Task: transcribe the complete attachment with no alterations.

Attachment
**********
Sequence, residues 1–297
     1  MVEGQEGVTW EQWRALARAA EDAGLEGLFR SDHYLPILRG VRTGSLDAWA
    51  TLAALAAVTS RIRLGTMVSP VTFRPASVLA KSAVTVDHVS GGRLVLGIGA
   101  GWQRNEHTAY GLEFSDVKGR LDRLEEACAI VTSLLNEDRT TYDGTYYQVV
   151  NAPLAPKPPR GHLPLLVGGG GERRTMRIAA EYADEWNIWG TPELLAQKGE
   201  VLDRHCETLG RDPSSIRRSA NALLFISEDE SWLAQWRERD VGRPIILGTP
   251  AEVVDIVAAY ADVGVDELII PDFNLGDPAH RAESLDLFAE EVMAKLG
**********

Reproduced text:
Sequence, residues 1–297
     1  MVEGQEGVTW EQWRALARAA EDAGLEGLFR SDHYLPILRG VRTGSLDAWA
    51  TLAALAAVTS RIRLGTMVSP VTFRPASVLA KSAVTVDHVS GGRLVLGIGA
   101  GWQRNEHTAY GLEFSDVKGR LDRLEEACAI VTSLLNEDRT TYDGTYYQVV
   151  NAPLAPKPPR GHLPLLVGGG GERRTMRIAA EYADEWNIWG TPELLAQKGE
   201  VLDRHCETLG RDPSSIRRSA NALLFISEDE SWLAQWRERD VGRPIILGTP
   251  AEVVDIVAAY ADVGVDELII PDFNLGDPAH RAESLDLFAE EVMAKLG